Poor fitness tied to insulin resistance in otherwise healthy people
Researchers performed a cross-sectional analysis of 19,263 women and 48,433 men, none of whom had a history of diabetes or cardiovascular disease. Cardiorespiratory fitness was measured through an exercise treadmill test. Insulin resistance was evaluated according to impaired fasting glucose and elevated levels of fasting triglycerides.
In both men and women, markers of insulin resistance coincided with old age, an elevated blood pressure, high body mass index (BMI), smoking, and low fitness.
Multiple logistic regression analysis found that among normal-weight men, having poor fitness almost tripled the risk of having both markers of insulin resistance (odds ratio [OR], 2.8, 95 percent confidence interval [CI], 2.1–3.6; p<0.001). In women of normal weight, this effect was slightly weaker, but nevertheless significant (OR, 2.2, 95 percent CI, 1.4–3.6; p=0.001).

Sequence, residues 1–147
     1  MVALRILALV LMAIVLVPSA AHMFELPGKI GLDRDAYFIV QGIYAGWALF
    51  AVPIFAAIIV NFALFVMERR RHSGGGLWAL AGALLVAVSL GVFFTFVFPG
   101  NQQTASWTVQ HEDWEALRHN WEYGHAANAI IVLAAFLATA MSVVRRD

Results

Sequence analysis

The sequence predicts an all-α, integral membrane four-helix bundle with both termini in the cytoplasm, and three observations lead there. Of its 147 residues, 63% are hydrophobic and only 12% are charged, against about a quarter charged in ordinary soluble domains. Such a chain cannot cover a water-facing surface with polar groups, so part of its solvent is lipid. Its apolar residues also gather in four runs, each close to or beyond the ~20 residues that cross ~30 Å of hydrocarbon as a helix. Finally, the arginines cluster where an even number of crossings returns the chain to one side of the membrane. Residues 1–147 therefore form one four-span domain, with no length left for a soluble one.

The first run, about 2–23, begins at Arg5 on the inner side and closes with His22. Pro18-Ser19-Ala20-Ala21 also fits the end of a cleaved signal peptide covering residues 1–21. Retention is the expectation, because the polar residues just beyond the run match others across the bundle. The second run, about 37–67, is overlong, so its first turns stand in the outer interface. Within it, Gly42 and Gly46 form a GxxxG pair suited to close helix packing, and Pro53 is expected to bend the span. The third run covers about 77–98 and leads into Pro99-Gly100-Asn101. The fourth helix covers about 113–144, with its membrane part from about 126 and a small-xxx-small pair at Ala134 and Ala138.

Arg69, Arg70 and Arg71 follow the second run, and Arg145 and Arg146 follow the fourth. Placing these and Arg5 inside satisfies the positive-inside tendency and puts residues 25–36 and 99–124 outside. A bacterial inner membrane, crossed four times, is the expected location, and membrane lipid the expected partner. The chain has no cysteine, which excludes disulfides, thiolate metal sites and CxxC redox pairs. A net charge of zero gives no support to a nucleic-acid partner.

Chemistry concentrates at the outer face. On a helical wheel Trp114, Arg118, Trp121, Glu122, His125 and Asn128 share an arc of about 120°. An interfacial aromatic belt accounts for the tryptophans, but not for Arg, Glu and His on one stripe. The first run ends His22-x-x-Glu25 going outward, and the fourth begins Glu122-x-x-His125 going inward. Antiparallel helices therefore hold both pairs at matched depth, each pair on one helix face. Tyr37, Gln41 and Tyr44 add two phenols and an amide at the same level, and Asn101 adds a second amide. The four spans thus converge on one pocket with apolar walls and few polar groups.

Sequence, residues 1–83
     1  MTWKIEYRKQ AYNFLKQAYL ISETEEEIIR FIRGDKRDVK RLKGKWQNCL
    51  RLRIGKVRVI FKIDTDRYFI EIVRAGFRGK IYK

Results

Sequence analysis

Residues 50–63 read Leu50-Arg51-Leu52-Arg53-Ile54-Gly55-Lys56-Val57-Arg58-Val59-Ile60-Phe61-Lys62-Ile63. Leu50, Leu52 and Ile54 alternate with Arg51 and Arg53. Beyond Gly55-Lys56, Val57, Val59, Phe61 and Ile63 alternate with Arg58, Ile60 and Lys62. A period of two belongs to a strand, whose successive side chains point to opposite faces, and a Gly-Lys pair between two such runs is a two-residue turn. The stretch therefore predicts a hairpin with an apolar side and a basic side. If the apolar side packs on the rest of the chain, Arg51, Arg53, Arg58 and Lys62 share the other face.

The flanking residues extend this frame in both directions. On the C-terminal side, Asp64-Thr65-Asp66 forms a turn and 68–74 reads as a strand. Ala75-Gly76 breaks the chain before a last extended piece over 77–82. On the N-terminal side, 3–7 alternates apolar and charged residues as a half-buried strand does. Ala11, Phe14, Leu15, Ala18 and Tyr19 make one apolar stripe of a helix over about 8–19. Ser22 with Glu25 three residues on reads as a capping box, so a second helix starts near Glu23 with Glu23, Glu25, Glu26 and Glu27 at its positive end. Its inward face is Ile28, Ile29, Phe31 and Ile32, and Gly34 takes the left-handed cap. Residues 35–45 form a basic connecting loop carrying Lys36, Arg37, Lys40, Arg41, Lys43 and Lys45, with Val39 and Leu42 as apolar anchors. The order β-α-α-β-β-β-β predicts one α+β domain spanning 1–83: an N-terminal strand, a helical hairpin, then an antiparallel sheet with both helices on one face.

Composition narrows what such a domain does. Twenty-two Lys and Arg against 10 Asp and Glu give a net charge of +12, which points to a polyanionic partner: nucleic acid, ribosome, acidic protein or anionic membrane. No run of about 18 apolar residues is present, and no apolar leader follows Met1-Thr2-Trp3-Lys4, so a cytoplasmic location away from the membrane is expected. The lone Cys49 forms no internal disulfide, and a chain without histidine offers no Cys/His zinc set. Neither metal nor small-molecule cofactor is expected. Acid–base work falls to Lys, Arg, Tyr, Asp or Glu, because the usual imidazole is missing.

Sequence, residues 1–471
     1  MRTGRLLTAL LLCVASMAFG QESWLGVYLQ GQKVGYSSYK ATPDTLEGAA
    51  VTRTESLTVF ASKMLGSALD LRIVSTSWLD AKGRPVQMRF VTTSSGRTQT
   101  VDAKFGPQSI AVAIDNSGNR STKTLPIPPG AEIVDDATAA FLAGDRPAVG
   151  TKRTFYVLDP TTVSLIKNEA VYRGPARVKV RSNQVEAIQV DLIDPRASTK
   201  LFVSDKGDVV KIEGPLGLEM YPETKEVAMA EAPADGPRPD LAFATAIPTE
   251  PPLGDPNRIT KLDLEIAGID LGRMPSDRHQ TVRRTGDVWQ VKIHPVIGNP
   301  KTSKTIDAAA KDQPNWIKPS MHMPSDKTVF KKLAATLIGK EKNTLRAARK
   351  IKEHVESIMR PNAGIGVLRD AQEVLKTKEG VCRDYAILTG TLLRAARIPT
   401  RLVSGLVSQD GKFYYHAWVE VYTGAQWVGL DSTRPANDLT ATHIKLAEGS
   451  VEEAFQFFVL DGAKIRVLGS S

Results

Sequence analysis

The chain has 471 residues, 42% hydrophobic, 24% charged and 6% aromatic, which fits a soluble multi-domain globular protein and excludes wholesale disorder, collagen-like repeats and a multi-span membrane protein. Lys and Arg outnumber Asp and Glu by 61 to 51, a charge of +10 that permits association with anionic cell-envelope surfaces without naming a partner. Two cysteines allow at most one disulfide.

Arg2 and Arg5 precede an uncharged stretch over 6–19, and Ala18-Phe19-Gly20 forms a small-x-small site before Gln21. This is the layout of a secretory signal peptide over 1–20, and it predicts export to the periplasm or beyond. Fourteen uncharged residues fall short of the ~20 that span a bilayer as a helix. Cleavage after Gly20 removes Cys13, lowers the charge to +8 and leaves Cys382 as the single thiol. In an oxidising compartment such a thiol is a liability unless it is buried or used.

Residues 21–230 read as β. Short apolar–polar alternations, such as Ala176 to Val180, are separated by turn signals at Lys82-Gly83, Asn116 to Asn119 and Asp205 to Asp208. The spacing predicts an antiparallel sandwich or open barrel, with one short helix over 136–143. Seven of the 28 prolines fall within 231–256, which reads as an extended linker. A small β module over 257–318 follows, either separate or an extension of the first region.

Generally, this effect weakened as BMI status worsened but remained significant. In overweight men (OR, 2.4, 95 percent CI, 2.1–2.7; p<0.001) and women (OR, 2.1, 95 percent CI, 1.5–3.0; p<0.001), poor fitness increased the risk of having both markers for insulin resistance. The same was true for obese participants (men: OR, 1.7, 95 percent CI, 1.5–2.0; women: OR, 1.9, 95 percent CI, 1.4–2.5; p<0.001).
“Future work will be necessary to assess the longitudinal relationship between cardiorespiratory fitness and insulin resistance. Finally, additional work is needed to better understand fitness and insulin resistance in non-white populations,” researchers said.